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Exporting and Importing Exchange Auto Attendant Prompts

While cloning a customer’s environment in prep for a cross-forest move to a resource forest, I needed to duplicate the auto attendant configuration. This included a slew of custom auto attendant prompts. I looked all around the current servers to see if the original .wav files were anywhere, and only managed to find a few. So I resorted to Export-UMPrompt to just export all of the prompts to .wav files. The plan was to then take those .wav files and import them on the new servers in the resource forest.

For each prompt, I used something like this:

$prompt = Export-UMPrompt -UMAutoAttendant "Qatar Service Desk" -PromptFileName "Qatar_NormalBusinessHours.wav"
Set-Content -Path "c:\umprompts\Qatar Service Desk\Qatar_NormalBusinessHours.wav" -Value $prompt.AudioData -Encoding Byte

This yielded me a .wav file that I was able to open with Windows Media Player and verify the contents. So far, so good.

However, when I went to import this on the new server using Import-UMPrompt, using something like:

[byte[]]$c = Get-content -Path "c:\UMPrompts\Qatar Service Desk\Qatar_NormalBusinessHours.wav" -Encoding Byte -ReadCount 0
Import-UMPrompt -UMDialPlan "Contoso Qatar Dial Plan" -PromptFileName "Qatar_NormalBusinessHours.wav" -PromptFileData $c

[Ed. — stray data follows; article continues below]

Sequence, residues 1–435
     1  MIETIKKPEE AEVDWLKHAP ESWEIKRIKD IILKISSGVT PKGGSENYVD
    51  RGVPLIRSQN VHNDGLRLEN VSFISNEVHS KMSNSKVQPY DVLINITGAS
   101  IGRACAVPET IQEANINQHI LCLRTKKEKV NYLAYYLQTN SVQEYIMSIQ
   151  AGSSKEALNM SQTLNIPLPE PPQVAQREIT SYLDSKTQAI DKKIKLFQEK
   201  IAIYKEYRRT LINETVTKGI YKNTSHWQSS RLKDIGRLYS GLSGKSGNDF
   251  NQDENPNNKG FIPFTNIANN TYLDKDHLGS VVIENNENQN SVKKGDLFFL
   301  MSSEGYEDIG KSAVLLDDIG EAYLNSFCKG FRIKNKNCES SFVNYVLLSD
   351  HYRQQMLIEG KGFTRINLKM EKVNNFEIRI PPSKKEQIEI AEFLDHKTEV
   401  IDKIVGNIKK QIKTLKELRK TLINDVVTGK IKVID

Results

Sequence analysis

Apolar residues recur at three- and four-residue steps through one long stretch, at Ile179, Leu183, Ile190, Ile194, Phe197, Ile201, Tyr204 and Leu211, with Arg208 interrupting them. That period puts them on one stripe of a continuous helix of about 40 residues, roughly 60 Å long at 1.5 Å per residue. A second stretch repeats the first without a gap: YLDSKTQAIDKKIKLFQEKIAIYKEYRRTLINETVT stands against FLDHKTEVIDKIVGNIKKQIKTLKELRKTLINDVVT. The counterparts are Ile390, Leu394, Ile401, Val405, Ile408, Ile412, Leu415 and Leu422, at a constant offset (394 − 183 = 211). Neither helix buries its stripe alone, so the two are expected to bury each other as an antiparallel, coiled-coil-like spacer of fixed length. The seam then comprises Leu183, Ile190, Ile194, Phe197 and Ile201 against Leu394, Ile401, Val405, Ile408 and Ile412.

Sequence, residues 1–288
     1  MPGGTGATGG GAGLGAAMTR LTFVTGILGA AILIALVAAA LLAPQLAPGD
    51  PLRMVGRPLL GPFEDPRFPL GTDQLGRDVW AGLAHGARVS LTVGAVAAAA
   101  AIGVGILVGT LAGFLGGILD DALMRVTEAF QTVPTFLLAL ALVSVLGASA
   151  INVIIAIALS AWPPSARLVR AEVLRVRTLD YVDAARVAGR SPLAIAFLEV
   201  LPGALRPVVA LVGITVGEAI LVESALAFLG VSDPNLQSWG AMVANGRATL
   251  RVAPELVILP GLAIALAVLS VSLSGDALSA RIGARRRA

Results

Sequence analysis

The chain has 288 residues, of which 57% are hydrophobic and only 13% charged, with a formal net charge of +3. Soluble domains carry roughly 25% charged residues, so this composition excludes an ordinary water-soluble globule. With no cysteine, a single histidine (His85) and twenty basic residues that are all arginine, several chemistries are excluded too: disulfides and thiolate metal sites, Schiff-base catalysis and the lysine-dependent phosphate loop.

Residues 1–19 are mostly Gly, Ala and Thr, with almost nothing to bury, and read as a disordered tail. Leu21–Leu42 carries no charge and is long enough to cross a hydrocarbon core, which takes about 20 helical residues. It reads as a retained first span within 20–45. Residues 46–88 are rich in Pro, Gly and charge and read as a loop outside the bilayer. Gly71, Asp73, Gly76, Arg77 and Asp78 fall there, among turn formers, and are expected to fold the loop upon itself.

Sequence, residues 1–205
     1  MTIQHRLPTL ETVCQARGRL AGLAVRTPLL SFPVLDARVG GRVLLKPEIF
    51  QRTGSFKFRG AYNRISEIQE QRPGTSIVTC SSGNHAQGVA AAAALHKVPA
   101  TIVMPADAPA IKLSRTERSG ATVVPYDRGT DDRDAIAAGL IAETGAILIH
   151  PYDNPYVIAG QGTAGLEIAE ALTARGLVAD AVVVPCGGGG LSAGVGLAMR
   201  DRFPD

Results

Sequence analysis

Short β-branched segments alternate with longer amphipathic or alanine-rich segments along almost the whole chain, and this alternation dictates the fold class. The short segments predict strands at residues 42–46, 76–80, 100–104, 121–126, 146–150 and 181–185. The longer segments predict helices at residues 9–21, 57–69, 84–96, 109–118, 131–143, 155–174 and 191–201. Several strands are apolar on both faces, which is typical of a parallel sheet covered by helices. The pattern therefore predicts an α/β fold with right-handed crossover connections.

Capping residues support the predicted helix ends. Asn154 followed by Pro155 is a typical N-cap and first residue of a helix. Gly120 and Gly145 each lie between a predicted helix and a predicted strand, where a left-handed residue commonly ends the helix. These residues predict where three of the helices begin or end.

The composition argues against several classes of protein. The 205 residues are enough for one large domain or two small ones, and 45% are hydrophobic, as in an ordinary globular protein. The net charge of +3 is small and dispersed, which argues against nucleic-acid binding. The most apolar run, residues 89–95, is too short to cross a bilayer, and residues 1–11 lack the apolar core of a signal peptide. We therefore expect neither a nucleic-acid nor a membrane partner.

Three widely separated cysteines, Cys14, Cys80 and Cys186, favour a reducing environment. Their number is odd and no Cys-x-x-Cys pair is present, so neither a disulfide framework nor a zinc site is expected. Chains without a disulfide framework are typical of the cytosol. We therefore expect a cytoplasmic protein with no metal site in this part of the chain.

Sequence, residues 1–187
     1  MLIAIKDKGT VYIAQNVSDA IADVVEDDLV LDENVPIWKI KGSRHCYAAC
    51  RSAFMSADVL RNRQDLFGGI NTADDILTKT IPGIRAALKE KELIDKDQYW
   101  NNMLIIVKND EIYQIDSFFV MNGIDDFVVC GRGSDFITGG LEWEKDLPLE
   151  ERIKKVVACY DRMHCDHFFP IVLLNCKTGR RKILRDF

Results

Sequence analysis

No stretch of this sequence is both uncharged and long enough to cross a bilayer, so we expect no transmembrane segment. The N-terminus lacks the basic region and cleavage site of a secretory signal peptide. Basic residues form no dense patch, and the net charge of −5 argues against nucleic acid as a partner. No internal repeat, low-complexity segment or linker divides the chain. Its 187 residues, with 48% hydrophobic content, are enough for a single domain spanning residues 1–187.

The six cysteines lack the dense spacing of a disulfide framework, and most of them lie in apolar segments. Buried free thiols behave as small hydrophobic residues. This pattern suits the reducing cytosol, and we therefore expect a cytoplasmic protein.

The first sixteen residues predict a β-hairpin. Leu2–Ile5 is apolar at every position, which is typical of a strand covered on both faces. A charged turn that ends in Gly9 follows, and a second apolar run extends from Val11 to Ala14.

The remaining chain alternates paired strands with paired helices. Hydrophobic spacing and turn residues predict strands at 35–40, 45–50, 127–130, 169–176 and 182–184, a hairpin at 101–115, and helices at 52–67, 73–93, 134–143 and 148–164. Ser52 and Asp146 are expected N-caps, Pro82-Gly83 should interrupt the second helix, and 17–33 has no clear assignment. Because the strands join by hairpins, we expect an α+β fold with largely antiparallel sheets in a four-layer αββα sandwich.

I was presented with this:

The file is not in the correct .wav format for custom greetings.

The file is not in the correct .wav format for custom greetings.

As Sheldon from The Big Bang Theory may say “oh – what fresh hell is this?”. You’d think that if you export a prompt, it would give you a file that is supported for import, right? Not so fast. Seems that the exported files are 16Khz, but, as the error above states, we need 8Khz. And ONLY 8Khz. And the Export-UMPrompt doesn’t provide a parameter to specify the exported file properties (wouldn’t that be nice?).

So we turn to some quick shareware software called GoldWave.

Once installed, open GoldWave, and then click the Open button, and open your .wav file.


File opened in GoldWave

Then click the little “Hz” button on the toolbar, and set the sample rate at 8000, as shown below:

Setting the resample rate to 8000

Setting the resample rate to 8000 (click for larger view)

You will notice that at the very bottom of the GoldWave window, it now says something like “Wave PCM signed 16 bit, 8000 Hz, 128 kps, mono”. Click File>Save As.

Choose “Wave (*wav)” as the Save As Type, and set the Attributes to “PCM signed 16 bit, mono”.

Saving file as 16bit mono

Saving file as 16bit mono

After I did this for each of the files, they imported fine.

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